As it is known, one of the legal duties that are generated when someone accepts an inheritance is to present and liquidate the Inheritance Tax.
The Inheritance Tax is a direct and progressive tax that must be paid by the recipient of an inheritance before six months have elapsed since the death of the person from whom the goods are received, and envelope the movable or immovable property that the deceased had at the time of death. The taxable base of the tax will be the net value of the individual acquisition of each heir with respect to the set of goods, rights and obligations that form the patrimony of the deceased, having to diminish the burdens or encumbrances, debts and expenses that were deductible.
Among these assets that may be inherited by the deceased are the real estate (homes, houses, premises) as well as movable property (jewels, deposits, current accounts, investment funds). Another common good that can appear in every inheritance is the so-called "domestic trousseau". What is the domestic trousseau? What happens if the deceased died without leaving a trousseau? Or what happens if he died leaving a trousseau or domestic furniture of little value?
In this blog we will only focus on what is meant by domestic trousseau in the fiscal area and for the purposes of Inheritance Tax.
The Spanish fiscal rule leaves no room for doubt when it establishes that for tax purposes, the domestic household goods will also be integrated into the hereditary wealth. Now, neither the Law nor the Regulation of Inheritance and Donations Tax determines what elements or goods in particular should be understood as included in the concept of "domestic trousseau"; although it is determined by article 1321 of the Spanish Civil Code, which establishes that the domestic trousseau is the set of goods consisting of clothes, furniture and furnishings that constitute household items of the deceased's home, not including jewelry, artistic objects, historical and others of extraordinary value.
Article 15 of the Law of Inheritance and Donations Tax states that: "the trousseau shall be valued by applying the percentage of 3% on the totality of assets that make up the estate of the deceased, unless the assignees assign a higher value to the trousseau or prove if nonexistence or that its value is lower than the result of applying the aforementioned percentage ".
It must be pointed out that this presumption always applies, even in cases of people residing in residences or hotels, and, as you can see, for this to be proven by the heirs or assignees that there is no such domestic trousseau, or that this trousseau It has a value less than 3% of the entire inheritance, being that obviously that test will be very difficult to achieve in most cases. Therefore, and up to now the norm is clear: It is presumed that the deceased will always leave a domestic trousseau that is valued at 3% of the assets that are part of the relict flow, unless it is clearly demonstrated that this is not it is like that and that he died without leaving the goods referred to in article 132 of the Civil Code.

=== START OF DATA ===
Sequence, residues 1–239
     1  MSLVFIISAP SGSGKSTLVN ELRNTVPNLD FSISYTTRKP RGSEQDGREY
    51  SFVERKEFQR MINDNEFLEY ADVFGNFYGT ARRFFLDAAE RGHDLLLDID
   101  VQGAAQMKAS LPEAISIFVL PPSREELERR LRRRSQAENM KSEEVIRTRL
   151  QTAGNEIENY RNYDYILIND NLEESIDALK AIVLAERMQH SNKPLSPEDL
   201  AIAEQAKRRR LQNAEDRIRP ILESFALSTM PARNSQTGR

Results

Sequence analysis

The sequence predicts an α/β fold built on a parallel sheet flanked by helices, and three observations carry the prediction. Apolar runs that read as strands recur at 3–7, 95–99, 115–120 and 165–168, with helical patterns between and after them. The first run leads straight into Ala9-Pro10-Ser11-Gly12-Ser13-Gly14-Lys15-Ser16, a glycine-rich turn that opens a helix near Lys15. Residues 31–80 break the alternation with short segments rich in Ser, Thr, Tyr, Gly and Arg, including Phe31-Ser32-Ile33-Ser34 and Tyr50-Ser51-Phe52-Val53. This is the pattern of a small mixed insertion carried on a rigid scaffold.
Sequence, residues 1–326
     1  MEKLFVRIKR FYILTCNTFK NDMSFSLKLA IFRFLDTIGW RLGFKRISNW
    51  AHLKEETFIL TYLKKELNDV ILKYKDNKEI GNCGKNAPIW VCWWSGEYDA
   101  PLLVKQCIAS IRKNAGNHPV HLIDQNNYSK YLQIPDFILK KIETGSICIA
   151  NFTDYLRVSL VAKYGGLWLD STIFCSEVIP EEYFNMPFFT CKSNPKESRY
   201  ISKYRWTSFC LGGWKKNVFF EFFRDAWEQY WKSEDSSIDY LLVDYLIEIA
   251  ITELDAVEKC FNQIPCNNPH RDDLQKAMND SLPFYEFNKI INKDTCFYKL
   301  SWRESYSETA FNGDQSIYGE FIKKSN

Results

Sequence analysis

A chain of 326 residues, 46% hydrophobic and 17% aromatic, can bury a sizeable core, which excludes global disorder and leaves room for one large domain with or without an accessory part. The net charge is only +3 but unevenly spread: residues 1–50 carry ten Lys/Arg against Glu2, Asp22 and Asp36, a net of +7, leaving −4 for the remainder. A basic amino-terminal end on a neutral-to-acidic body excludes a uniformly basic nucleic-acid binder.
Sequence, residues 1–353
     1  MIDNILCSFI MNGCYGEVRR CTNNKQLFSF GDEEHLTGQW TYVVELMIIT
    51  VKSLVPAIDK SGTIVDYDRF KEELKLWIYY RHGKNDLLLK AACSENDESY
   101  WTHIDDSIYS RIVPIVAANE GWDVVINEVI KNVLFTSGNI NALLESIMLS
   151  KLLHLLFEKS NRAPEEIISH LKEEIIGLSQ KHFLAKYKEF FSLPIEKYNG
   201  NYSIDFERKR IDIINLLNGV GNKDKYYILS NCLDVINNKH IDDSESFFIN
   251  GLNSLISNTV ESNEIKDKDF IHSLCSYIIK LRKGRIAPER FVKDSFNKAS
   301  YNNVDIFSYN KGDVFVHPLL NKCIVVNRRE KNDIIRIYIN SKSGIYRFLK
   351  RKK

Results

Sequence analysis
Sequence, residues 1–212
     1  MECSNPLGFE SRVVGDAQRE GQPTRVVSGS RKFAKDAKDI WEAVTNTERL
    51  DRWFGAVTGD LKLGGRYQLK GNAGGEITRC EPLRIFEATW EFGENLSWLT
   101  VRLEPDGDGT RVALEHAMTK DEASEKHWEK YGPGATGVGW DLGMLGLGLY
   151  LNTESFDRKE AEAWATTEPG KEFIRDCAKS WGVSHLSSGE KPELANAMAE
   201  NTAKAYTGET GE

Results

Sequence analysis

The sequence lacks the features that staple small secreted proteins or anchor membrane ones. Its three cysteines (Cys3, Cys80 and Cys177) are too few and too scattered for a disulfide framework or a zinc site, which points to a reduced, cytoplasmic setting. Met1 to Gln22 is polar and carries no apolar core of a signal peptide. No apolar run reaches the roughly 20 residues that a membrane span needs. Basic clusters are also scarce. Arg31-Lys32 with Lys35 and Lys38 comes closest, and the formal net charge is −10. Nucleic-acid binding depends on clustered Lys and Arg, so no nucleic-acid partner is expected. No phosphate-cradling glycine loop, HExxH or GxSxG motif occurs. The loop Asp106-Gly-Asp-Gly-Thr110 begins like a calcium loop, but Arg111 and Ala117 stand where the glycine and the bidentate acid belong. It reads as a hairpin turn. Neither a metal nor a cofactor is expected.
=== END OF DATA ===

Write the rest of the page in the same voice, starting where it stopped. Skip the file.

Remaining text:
The mere fact that the person does not have their own home at the time of death (case in which resides with a family member or in a residence) will not be in itself, conclusive proof to claim that no domestic trousseau, although it is true that there is also a minority jurisprudential current that affirms the contrary.
How can one prove that no domestic trousseau was left? How to state that the value of domestic trousseau is less than 3% presumed by the Law of Inheritance Tax? A way that can serve to accredit the tax administration the inexistence of trousseau or the lower value may be after the lifting of a notarial deed in the shortest possible time with the death of the deceased, accompanied by an expert report that assesses the assets . However, we must bear in mind that the tax administration may question that before the notarial deed no property has been removed from the property, so it must be in the circumstances concurrent.
From all the above, the great evidentiary difficulty that leads taxpayers to be able to demonstrate before the tax administration the inexistence of domestic trousseau or that this is less than 3%. Therefore and in practice we will find that in the vast majority of cases should be accounted for in the estate and automatically that 3% as domestic trousseau before the evidentiary difficulty.